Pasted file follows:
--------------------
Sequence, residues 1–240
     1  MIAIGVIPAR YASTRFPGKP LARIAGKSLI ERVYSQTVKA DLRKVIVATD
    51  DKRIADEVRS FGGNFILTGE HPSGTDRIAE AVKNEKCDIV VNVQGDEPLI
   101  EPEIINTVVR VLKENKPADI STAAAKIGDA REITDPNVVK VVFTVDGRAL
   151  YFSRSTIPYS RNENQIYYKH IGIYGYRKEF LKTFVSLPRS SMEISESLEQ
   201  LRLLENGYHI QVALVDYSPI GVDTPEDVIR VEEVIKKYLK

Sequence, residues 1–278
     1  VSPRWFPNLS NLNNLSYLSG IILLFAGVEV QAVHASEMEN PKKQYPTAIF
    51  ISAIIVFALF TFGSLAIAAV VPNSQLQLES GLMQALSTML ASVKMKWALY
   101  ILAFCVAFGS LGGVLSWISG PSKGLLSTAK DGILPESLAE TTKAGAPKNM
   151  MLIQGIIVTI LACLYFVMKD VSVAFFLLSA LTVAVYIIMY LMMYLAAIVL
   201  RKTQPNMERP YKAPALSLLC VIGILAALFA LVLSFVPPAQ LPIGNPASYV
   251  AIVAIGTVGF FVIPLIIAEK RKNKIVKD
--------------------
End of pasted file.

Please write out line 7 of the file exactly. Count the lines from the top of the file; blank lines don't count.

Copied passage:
Sequence, residues 1–278